I operate a non-smacking or physical punishment policy as recommended by the SCMA. No child in my care will suffer any pain or humiliation, as I believe in positive discipline as a more effective way of managing behaviour.

  Positive discipline means:

  • Rewarding good behaviour. Because rewards are constructive, they encourage further effort. Punishment is destructive – it humiliates children and makes them feel powerless.
  • Encouraging self-discipline and respect for others. Because children need to grow into people who behave well even when there’s no one to tell them what to do.
  • Setting realistic limits according to age and stage of development. Because as children grow and develop our expectations of their behaviour changes.
  • I am aware that children will test the limits and boundaries set by adults.  If  a child is not responding to the limits set and their behaviour is hurting or upsetting anyone else they will be asked to have a “time out”.  The period of time they are asked to take will be 1 minute for each year (aged 3 would be 3 minutes).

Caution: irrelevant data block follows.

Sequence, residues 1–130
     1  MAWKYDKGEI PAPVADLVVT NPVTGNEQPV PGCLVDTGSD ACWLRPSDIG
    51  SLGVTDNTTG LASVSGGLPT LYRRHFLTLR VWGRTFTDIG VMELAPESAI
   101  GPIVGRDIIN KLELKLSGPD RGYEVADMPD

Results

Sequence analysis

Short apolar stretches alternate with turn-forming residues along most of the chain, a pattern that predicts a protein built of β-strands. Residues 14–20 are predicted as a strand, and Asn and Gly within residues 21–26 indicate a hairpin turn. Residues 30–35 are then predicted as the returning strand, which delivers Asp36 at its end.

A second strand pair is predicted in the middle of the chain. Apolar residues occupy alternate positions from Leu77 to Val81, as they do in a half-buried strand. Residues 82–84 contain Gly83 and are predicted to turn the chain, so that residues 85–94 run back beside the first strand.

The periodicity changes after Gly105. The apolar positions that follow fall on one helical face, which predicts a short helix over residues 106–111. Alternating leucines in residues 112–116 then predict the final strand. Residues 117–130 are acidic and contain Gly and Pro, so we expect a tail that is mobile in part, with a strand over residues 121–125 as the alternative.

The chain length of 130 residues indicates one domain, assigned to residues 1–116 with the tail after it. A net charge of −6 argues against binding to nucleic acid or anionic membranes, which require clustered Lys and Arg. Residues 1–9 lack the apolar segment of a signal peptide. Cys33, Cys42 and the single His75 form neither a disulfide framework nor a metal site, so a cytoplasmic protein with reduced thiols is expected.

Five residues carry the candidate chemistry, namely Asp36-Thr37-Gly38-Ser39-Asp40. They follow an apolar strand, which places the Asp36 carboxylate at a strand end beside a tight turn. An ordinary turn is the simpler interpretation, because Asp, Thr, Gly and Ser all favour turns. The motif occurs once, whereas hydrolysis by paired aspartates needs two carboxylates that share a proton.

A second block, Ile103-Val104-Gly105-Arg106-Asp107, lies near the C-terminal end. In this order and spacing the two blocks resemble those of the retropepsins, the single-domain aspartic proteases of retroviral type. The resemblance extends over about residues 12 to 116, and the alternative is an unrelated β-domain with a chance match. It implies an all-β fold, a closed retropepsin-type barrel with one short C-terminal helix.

• Setting a good example. Because young children take more notice than we might think of how we behave and what we say.
  • Encouragement, not orders and instructions. Because “Do as you’re told” teaches nothing for next time. Positive discipline involves explaining why.
  • Being consistent – saying no and meaning no. Because children need to know where they stand and it helps if they know that we mean what we say.
  • Praise, appreciation and attention. Because when children are used to getting attention with good behaviour, they won’t seek it by misbehaving.
  • Building children’s self-esteem. Shaming, scolding, hurting and humiliating children can lead to even worse behaviour. Attention, approval and praise can build self-esteem and a child who feels valued is more likely to behave well.


I encourage appropriate behaviour by:

  • Setting a good example, I aim to be a positive role model as children copy what they see. Children learn values and behaviour from adults.
  • I readily praise, approve and reward wanted behaviour, such as sharing, to encourage it to be repeated. Using praise helps to show that I value the child and it helps to build their self-esteem.
  • I praise children to their parents and other people when they have behaved as expected.
  • I try to be consistent when saying “no” and explain reasons why it is not appropriate and considered unwanted behaviour.
  • My expectations are flexible and realistic and are adjusted to the age, level of understanding, maturity and stage of development of the child.
  • I try to involve children in setting and agreeing house rules.